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A three-year study just completed in Michigan apple orchards showed that reduced-risk pesticides—which growers are now adopting—are more damaging to the functional ecology of the orchards than the products they are replacing.

Orchards using these reduced-risk pesticides have fewer beneficial organisms to help control pests, so growers will likely incur higher costs to control secondary pests, and use more, not fewer, spray applications, the study concludes. The reduced-risk orchards had fewer species of beneficial organisms and lower ­populations.

The study began in 2009 and involved 22 orchards. Dr. Mark Whalon’s laboratory, at Michigan State University, conducted the study, using funding from the Michigan Apple Committee.

It showed that the practice of using more insecticidal modes of action lowered the diversity of, as well as the number of, beneficial organisms, including pollinators. Growers are being encouraged to alternate among spray materials to reduce the development of resistant pests and also because the new reduced-risk materials are less broad spectrum. The shift in pesticides is coming about as a result of implementation of the Food Quality Protection Act of 1996.

“Because insecticides post-FQPA tend to be narrower in the spectrum of arthropods impacted, growers have to use a broader range of new modes of action to control a typical apple pest complex,” Whalon wrote in his final report. “Therefore, they are inadvertently reducing the diversity in their orchards.”

Some of the specific natural enemy changes they observed include:

  • Green lacewings declined significantly in orchards using those insecticides defined by the U.S. Environmental Protection Agency as “reduced risk.” Numbers remained constant in the orchards sprayed with organophosphate insecticides, such as Guthion (azinphos-methyl).
  • “Green lacewings as larvae tend to feed on soft-bodied insects like aphids,” Whalon wrote. “They look like little alligators as larvae and have beautiful, elaborate lace wings as adults. In fact, they can ­significantly impact pest populations.”
  • Brown lacewing numbers increased, for reasons unknown. Brown lacewings are also effective predators.
  • Asian ladybeetles declined in all tree fruit orchards sprayed with reduced-risk insecticides.
  • Native ladybeetle species, particularly two-spotted ladybirds, increased in all the orchards. This might represent a “regional recovery,” Whalon said, “since their ­numbers declined after the Asian ladybeetle was introduced to counter the ­also-introduced soybean aphid.
  • Aphid parasitoids greatly declined in reduced-risk orchards.
  • Aphids, thrips, European red mites, and two-spotted spider mites noticeably increased in reduced-risk orchards.

Of the 22 orchards in the study, eight used organophosphate insecticides, eight used reduced-risk insecticides, and six used organic methods. The organophosphate orchards, where beneficial insects have gained resistance, were about equal to organic orchards in number and ­diversity of beneficials.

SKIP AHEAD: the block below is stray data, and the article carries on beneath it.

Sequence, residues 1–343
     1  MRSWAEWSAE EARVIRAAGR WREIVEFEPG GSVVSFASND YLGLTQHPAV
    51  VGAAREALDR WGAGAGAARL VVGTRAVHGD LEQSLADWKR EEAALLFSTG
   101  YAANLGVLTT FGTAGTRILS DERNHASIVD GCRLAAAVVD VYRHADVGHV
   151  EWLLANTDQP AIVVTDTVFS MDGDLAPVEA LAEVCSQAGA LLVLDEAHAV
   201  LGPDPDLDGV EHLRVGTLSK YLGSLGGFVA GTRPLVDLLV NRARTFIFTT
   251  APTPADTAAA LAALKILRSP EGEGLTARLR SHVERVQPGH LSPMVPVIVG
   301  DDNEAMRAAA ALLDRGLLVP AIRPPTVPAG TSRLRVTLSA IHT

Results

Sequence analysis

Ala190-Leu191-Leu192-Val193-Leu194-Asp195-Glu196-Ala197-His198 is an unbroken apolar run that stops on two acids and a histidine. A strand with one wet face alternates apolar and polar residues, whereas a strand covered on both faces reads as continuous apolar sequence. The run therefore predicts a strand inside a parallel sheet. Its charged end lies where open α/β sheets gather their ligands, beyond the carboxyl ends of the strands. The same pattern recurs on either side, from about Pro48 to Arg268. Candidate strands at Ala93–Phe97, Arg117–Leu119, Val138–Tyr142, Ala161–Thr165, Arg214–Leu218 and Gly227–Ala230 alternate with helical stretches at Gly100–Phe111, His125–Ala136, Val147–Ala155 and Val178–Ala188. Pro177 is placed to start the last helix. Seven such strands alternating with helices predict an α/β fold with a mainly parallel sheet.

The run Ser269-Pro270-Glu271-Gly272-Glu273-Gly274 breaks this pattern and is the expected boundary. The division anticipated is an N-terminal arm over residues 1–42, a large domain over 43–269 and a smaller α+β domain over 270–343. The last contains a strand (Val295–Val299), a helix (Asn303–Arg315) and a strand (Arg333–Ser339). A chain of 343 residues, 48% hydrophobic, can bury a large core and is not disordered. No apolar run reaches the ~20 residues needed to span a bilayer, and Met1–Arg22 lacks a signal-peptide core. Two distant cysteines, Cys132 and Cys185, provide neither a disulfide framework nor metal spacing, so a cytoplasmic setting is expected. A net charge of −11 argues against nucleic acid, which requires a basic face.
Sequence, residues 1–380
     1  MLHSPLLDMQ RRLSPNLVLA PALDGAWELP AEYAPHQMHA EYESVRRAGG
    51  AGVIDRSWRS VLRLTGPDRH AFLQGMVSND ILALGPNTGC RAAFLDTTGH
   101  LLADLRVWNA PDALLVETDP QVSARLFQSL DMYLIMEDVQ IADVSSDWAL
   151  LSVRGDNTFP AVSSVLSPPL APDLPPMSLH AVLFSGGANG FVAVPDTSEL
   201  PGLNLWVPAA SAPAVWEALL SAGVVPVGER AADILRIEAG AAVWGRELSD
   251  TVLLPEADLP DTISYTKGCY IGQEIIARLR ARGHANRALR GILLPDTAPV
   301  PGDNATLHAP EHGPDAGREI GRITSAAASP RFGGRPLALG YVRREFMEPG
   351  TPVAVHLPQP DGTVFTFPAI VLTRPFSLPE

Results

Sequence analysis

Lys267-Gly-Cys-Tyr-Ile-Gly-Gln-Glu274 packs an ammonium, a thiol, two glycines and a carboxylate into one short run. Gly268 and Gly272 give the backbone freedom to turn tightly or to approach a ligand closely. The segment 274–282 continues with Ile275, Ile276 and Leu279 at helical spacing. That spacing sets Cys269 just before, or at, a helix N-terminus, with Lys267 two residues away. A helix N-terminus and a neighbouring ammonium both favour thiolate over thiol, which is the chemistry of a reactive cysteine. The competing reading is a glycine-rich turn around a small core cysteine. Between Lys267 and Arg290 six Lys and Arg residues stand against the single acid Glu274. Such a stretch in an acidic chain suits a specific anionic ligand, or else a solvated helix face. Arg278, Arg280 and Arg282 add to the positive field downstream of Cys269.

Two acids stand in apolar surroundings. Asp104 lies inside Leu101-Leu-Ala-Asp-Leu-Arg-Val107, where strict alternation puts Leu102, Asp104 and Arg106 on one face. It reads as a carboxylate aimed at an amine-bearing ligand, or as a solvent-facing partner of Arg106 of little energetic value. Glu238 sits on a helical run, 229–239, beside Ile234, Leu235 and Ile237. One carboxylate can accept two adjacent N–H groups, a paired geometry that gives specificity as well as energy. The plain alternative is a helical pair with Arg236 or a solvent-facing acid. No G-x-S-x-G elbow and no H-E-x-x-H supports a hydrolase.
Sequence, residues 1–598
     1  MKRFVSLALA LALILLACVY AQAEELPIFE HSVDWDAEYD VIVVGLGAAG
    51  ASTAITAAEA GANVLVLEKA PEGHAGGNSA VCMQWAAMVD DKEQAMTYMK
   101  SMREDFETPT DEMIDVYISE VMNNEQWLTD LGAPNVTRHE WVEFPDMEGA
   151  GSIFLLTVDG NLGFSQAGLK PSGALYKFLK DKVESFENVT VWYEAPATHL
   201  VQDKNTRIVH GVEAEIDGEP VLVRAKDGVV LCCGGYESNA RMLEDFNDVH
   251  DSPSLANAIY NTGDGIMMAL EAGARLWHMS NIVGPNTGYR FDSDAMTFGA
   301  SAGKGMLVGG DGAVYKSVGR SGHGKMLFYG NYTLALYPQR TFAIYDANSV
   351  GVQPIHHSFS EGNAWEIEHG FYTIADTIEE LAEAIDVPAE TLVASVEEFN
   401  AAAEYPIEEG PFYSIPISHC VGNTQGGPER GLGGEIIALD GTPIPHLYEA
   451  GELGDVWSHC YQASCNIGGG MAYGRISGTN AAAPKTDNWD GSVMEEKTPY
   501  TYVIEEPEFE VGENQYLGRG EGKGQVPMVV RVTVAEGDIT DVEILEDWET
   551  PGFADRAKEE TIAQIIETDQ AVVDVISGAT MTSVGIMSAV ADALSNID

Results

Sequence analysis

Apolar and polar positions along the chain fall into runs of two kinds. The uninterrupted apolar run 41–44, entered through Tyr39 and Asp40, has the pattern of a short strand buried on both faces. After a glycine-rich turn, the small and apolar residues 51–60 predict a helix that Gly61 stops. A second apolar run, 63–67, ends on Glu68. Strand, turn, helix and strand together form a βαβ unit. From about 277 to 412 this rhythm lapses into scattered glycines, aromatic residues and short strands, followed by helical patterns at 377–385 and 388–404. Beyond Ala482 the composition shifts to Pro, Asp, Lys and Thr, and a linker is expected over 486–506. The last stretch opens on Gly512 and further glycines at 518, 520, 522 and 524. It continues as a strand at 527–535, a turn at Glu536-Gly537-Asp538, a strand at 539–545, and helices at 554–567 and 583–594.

The study used yellow sticky traps to monitor for nine pest insects and 26 ­genera of beneficial insects and double that number of species, calling them ­“ecological indicators.”

After the Food Quality Protection Act was passed in 1996, Whalon became involved in evaluating effects of new actions being taken by the EPA. The phaseout of azinphos-methyl was of particular concern because both apple and tart cherry growers relied on it heavily for control of internal fruit-feeding insects. Tart cherry growers have yet to find ways, using reduced-risked insecticides, to achieve the total control of plum curculio and cherry fruit fly larvae required by the U.S. Food and Drug Administration.

While Whalon believes that azinphos-methyl can be dangerous to humans and to aquatic organisms, he is convinced that eliminating the chemical will have negative environmental effects as unintended consequences.

His recent study showed, in effect, that orchards under the reduced-risk regimen are more sterile of beneficial insects and will require more sprays for insect control, not fewer.

In a study of four orchards he did two years ago, he found that growers obtained “ecological returns” of $12.32 per tree when they used organophosphate insecticides compared with $6.89 using reduced-risk insecticides. Whalon has worked to quantify the value of “services rendered by beneficial organisms.” Just how valuable is it to have a green lacewing eat 600 aphids? Putting an economic value on that has been difficult.

If the apple industry had the functional ecology data that it now has when the EPA implemented the Food Quality Protection Act, it might have maintained azinphos-methyl’s registration with limitations, he said.

The Michigan Apple Committee has supported Whalon’s work to have real data available in the event that the well-being of growers is threatened by EPA or congressional actions.

These data will likely be even more critical for the Michigan apple industry as it lobbies for extension of the use of the organophosphate class of chemicals with government agencies as well as the ­public, Whalon said.